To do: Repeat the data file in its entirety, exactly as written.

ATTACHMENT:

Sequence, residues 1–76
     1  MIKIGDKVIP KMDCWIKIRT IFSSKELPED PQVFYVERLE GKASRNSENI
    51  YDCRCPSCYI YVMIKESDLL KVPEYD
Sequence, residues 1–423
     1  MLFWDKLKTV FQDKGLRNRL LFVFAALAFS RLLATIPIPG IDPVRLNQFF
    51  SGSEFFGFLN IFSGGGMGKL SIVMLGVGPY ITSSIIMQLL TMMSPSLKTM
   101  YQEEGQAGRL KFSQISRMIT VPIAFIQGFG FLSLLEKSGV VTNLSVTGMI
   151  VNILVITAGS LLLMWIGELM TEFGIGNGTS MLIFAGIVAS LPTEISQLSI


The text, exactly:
Sequence, residues 1–76
     1  MIKIGDKVIP KMDCWIKIRT IFSSKELPED PQVFYVERLE GKASRNSENI
    51  YDCRCPSCYI YVMIKESDLL KVPEYD
Sequence, residues 1–423
     1  MLFWDKLKTV FQDKGLRNRL LFVFAALAFS RLLATIPIPG IDPVRLNQFF
    51  SGSEFFGFLN IFSGGGMGKL SIVMLGVGPY ITSSIIMQLL TMMSPSLKTM
   101  YQEEGQAGRL KFSQISRMIT VPIAFIQGFG FLSLLEKSGV VTNLSVTGMI
   151  VNILVITAGS LLLMWIGELM TEFGIGNGTS MLIFAGIVAS LPTEISQLSI